However, there are also some potential downsides to CSR. One issue is that the initial page load can be slower since the browser needs to download the JavaScript bundle and execute it before the app can be rendered. This can result in slower perceived performance for users with slower internet connections or less powerful devices. Another issue is that CSR can be less SEO-friendly, since search engines may have difficulty crawling and indexing client-side rendered pages. This can potentially impact the visibility of the app in search results.

Overall, client-side rendering is a powerful approach to building dynamic and interactive web apps and is the default rendering method for React apps. However, it’s important to consider the potential downsides and tradeoffs when deciding on the best approach for a particular project.

Step-by-step guide for building a server-side rendering React app

Step 1: Create a React app

To get started, you need to create a new React app. You can do this using the Create React App tool, which provides a pre-configured setup for building React apps.

To create a new React app using Create React App, open a terminal window and run the following command:

npx create-react-app my-app

This will create a new React app called “my-app” in a new directory of the same name.

Step 2: Add server-side rendering

Next, we need to add server-side rendering to our app. There are several libraries available for this, but we will be using React’s built-in server-side rendering capabilities.

To do this, we need to create a new file in the root of our app called “server.js”. This file will contain the code for our server-side rendering.

In “server.js”, we need to import the necessary dependencies and create an instance of the express server:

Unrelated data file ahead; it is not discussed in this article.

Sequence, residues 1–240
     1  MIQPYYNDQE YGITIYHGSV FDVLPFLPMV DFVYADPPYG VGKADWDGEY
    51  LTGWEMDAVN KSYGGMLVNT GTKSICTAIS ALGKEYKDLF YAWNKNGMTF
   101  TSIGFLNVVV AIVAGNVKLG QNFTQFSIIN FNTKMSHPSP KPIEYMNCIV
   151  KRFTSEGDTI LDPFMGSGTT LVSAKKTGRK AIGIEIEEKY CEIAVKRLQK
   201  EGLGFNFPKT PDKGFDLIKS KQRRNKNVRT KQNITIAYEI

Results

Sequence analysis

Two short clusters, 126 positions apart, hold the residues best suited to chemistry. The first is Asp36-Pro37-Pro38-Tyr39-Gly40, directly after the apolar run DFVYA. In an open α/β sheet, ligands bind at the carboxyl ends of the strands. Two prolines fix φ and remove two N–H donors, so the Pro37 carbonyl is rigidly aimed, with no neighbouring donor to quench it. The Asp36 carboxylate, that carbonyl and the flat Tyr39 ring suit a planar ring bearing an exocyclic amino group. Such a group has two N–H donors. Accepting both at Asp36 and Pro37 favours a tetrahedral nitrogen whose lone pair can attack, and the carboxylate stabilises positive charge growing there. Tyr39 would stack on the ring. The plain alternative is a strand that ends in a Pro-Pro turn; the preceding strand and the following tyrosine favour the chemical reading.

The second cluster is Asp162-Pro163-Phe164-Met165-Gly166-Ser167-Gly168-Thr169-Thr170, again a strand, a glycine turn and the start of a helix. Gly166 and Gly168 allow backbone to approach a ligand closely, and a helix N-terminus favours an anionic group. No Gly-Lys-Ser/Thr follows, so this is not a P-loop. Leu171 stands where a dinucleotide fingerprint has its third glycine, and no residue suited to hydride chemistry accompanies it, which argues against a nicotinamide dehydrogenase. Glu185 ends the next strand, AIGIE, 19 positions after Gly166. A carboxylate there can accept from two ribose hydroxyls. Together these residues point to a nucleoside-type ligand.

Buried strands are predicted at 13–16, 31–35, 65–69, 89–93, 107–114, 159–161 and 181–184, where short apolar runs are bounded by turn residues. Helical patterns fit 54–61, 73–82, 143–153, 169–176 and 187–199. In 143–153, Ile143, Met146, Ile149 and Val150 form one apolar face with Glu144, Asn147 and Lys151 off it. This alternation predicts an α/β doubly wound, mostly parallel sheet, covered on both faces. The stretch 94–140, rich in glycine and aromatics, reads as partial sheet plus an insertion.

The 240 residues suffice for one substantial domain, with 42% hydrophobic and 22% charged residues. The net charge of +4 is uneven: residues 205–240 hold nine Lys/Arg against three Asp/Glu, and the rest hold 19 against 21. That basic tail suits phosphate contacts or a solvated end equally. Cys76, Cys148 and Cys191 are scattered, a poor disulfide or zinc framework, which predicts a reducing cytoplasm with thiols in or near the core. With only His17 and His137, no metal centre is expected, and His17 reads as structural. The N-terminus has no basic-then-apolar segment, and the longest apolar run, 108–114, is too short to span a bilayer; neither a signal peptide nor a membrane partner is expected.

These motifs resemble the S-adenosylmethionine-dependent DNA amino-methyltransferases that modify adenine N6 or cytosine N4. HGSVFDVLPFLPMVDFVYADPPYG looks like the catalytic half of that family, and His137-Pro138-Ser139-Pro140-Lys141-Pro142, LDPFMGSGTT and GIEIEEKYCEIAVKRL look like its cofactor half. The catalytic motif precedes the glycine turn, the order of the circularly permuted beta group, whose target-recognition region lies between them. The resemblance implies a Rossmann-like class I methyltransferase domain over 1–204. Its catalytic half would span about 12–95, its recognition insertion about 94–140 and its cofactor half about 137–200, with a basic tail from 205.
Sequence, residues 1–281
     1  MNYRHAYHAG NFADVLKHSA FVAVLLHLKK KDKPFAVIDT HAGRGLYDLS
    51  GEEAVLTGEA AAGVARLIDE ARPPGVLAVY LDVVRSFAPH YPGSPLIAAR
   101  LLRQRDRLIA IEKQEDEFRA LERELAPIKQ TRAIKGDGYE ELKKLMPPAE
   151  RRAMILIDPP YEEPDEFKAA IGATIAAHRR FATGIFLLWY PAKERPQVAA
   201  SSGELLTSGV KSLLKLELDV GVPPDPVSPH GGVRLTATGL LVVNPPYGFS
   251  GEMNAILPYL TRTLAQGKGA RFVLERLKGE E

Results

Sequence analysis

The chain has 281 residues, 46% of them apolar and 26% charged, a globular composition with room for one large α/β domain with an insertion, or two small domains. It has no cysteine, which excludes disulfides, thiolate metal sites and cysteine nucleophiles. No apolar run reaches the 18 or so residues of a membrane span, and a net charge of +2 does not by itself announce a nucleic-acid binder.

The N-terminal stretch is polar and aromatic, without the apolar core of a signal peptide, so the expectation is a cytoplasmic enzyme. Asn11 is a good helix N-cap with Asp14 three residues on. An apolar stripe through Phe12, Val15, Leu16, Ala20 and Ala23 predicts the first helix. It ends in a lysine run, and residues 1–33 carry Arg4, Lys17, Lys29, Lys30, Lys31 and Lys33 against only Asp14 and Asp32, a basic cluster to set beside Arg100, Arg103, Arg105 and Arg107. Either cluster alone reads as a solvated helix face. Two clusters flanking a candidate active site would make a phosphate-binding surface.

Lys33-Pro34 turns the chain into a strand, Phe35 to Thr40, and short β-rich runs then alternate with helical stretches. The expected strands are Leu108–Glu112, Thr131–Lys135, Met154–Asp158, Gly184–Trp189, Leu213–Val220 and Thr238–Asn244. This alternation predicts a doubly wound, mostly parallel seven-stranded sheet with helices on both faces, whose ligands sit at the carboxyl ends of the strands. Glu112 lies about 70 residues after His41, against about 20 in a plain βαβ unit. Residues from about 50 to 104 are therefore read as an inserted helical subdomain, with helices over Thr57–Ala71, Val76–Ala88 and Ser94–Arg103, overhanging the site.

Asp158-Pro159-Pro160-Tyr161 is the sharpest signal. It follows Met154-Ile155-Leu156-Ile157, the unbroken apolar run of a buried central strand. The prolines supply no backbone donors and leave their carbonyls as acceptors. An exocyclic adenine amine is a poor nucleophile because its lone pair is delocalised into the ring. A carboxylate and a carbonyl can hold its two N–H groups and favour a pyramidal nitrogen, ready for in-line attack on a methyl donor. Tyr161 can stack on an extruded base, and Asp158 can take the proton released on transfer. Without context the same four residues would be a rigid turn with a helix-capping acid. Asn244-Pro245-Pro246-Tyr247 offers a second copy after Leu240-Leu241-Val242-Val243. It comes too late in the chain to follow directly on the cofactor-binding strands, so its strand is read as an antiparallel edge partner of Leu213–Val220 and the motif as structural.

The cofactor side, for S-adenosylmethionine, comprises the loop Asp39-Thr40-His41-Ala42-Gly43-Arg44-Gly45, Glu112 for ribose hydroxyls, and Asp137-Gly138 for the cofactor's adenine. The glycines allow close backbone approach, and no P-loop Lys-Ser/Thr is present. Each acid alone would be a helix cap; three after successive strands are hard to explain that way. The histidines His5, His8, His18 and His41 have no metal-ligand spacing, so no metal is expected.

const express = require('express');
const React = require('react');
const ReactDOMServer = require('react-dom/server');

const app = express();

Next, we need to define a route that will handle our server-side rendering. We will create a route for the homepage, but you can create routes for any page in your app:

app.get('/', (req, res) => {
  // Server-side rendering code goes here
});

Inside this route, we need to render our React app using ReactDOMServer.renderToString(). This method takes a React component and returns the HTML string representation of that component:

const App = require('./src/App').default;

const html = ReactDOMServer.renderToString(<App />);

Finally, we need to send the rendered HTML back to the client:

res.send(`
  <html>
    <head>
      <title>My App</title>
    </head>
    <body>
      <div id="root">${html}</div>
      <script src="/static/js/bundle.js"></script>
    </body>
  </html>
`);

This code sends back an HTML page that includes the rendered React app and a link to the client-side JavaScript bundle.

Step 3: Update the client-side code

Now that we have server-side rendering set up, we need to update our client-side code to handle the fact that the page has already been rendered on the server.

To do this, we need to use ReactDOM.hydrate() instead of ReactDOM.render(). This method takes a React component and attaches it to an existing HTML element on the page:

import ReactDOM from 'react-dom';
import App from './App';

ReactDOM.hydrate(<App />, document.getElementById('root'));

Step 4: Start the server

Finally, we need to start our server so that we can see our app in action.

To start the server, run the following command in your terminal:

node server.js

This will start the server and make your app available at http://localhost:3000.

Conclusion

In this article, we have provided a step-by-step guide for building a server-side rendering React app. By following these steps, you should now have a basic idea about Server side rendering in React app.

To read more about hooks refer to the links given below:
useEffect: The Effect Hook
useState: Managing State in React functional components